St. Petersburg is a haven for small business. Tech startups, innovative law firms, niche marketing companies and mom-and-pop coffee shops and eateries are the backbone of what makes St. Pete great. Despite the thriving small business ecosystem, entrepreneurship has never been easy. In fact, according to St. Pete’s resident professional business consultant and coach Barry Foster, starting your own business is always going to be harder, more expensive and more time-consuming than expected.
That healthy dose of reality combined with an unyielding tenacity says a lot about why Foster has been at the helm of the EA since 2012. Affectionately known as Mr. EA, tonight will mark the start of Foster’s 15th consecutive season hosting the program, held each fall and spring to teach small business owners and aspiring entrepreneurs the basic portfolio of skills required to successfully strike out on their own. EA is located at the Greenhouse, the home of the partnership between the City of St. Petersburg and the Chamber, known as St. Petersburg’s “front-door to business growth.”
Founded in 1995, the Entrepreneurial Academy has long been an essential tool for helping St. Petersburg’s small business owners. But leading up to 2012, the program had gone dormant. Chris Steinocher took over as CEO of the St. Petersburg Chamber in 2011 and began working with Sean Kennedy (now the manager of the Greenhouse) to resurrect the program, but they needed the right person to get it off the ground. They asked Foster to help out – just until the first week of class. That first week turned into 10 weeks and ultimately, years. “I haven’t done any less than every single week since,” Foster laughed.
The ten-week EA program covers everything from business plans to marketing, law, finance and community resources for businesses. According to Foster, the program is in constant iteration, with new speakers, topics, and industry evolutions each cohort, thanks to the feedback of the last one. EA has graduated well over 300 students over the years, many of whom are now running successful St. Pete businesses.
Tanner Loebel, founder of FoodNow, an app-based meal delivery service that was acquired by Minneapolis-based BiteSquad in 2017, is an EA graduate. “Tanner is a good example of somebody who paid the price, spent an inordinate amount of time being alone in a car with a laptop with a cell phone – doing doing doing,” said Foster. “By the time he got invited to Minneapolis by BiteSquad, he was from Crystal River to Fort Myers. How often do those stories happen?” Last year, Loebel’s serial entrepreneurship continued when he opened the 600-block favorite fast-casual restaurant Pacific Counter with his partners.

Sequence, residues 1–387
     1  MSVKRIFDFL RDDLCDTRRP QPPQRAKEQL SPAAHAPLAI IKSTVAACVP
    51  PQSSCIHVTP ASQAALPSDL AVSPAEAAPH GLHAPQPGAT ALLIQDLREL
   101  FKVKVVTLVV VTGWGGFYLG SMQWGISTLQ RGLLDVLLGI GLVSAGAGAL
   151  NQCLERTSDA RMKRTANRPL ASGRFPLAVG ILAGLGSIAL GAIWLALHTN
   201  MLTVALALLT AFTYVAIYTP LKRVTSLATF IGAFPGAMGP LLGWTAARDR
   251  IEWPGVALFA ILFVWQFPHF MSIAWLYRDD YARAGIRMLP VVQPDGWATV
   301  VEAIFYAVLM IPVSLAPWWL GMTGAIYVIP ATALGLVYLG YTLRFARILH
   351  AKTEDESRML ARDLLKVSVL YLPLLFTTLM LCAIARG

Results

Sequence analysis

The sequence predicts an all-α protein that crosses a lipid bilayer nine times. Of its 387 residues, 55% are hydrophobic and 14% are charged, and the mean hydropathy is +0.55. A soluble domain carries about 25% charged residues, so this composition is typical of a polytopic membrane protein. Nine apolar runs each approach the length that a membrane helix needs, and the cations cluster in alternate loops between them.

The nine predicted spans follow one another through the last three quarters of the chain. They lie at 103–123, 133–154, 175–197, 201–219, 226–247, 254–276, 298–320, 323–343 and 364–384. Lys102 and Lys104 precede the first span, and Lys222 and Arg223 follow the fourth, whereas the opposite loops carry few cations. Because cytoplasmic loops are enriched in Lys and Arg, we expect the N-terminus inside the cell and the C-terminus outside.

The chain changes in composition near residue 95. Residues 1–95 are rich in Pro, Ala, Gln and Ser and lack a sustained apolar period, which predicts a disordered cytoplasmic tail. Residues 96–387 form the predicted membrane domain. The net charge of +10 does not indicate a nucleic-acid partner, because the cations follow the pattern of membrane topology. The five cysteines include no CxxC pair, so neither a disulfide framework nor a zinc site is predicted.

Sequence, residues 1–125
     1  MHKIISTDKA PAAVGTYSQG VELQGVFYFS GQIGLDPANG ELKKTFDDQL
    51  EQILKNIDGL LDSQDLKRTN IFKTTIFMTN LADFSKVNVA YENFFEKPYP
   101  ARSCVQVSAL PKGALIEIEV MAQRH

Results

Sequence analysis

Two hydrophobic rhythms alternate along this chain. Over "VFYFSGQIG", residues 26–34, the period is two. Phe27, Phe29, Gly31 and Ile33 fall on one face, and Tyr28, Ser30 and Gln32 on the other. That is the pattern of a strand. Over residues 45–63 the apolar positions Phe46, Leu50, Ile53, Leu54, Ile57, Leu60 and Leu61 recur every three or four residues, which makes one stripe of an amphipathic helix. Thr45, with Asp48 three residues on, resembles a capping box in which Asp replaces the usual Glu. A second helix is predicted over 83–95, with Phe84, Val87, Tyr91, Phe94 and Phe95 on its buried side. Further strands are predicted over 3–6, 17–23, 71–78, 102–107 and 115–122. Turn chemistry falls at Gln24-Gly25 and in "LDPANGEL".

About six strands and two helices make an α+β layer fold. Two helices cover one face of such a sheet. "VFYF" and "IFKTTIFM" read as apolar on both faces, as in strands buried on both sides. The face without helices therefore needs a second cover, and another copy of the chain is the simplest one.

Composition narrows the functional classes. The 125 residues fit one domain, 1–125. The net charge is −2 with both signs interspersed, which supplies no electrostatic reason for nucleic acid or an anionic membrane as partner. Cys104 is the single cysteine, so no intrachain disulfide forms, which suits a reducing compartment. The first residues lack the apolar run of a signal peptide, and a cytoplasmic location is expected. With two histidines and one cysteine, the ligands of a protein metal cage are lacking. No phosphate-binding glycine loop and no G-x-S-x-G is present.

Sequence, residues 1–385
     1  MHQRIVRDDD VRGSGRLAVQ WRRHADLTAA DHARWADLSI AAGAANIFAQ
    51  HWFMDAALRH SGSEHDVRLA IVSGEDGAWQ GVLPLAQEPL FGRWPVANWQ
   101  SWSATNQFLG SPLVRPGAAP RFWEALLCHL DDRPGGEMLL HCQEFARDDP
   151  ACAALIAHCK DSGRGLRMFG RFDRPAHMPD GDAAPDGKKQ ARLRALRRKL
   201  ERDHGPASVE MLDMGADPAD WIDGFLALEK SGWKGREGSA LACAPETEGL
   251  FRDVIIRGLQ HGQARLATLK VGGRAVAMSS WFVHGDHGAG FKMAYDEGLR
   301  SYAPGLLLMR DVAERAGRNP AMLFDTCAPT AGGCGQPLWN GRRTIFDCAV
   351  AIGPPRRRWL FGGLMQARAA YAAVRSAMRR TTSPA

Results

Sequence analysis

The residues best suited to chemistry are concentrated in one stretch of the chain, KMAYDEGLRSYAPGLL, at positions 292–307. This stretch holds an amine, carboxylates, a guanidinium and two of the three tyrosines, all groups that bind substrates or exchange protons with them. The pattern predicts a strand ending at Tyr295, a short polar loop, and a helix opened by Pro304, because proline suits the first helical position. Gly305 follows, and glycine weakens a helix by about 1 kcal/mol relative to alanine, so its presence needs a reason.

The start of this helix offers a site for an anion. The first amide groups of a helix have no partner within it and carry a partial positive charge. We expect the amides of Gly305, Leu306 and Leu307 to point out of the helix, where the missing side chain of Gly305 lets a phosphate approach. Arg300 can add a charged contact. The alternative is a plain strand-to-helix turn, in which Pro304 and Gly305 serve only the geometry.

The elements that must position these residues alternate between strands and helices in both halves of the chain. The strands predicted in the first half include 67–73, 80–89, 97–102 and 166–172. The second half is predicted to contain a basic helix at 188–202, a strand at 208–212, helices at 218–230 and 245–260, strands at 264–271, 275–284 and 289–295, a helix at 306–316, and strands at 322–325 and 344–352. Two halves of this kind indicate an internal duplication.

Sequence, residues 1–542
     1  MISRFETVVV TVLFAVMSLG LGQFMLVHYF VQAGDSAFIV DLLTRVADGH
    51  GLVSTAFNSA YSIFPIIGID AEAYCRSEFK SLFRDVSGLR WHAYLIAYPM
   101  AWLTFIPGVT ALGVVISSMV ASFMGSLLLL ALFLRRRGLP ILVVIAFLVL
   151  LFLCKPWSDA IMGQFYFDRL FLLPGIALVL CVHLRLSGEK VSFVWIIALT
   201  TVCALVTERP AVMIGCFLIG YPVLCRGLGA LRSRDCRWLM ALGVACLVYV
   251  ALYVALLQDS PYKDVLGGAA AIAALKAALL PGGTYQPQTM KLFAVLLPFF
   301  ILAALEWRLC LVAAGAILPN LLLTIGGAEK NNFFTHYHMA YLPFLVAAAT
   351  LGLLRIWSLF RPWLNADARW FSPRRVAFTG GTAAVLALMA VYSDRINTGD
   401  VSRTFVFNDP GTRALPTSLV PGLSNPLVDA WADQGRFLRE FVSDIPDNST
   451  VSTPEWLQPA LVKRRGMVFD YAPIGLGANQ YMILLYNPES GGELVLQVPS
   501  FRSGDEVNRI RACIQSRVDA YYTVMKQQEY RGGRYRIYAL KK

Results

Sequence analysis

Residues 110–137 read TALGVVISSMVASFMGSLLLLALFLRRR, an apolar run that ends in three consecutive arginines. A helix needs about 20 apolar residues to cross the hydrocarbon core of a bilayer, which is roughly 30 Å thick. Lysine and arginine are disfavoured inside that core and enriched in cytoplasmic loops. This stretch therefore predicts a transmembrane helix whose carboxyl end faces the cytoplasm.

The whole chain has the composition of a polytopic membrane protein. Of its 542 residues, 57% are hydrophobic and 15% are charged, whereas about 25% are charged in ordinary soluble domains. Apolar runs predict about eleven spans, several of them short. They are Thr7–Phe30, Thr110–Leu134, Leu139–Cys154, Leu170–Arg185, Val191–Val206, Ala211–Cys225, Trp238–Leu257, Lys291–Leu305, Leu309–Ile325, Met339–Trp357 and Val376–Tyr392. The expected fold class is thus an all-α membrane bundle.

Other notable alums include Club Savor founder Roger Curling, who founded an EA alumni group after graduation; Blush Tea + Coffee founder Lori Bishop, who retired from her corporate job of 28 years to pursue her small business dream; and Wandering Whisk Bakeshop founder Jen Jacobs, who recently opened her first brick-and-mortar store.
Foster often invites alumni back to tell new cohorts about their experience. That connection with other business owners and cohorts of the Entrepreneurial Academy is just one of the many invaluable benefits of the program, which for $399 includes course instruction, a weekly meal catered by a Chamber member, and a full-year Chamber membership after graduation.
Foster works hard to ensure that the presenters each week are not only experts in their field, but entertaining presenters. Because most of the participants in the Entrepreneurial Academy are working full-time already, engaging messages and unique insight are top priorities. Participants are also given the opportunity to ask industry-specific questions from finance, law, human resources and marketing professionals, unparalleled access they would be hard-pressed to find elsewhere.
“By the time students leave they have a three-inch three-ring binder filled with material,” said Foster. “Many of our EA grads still refer to that manual.”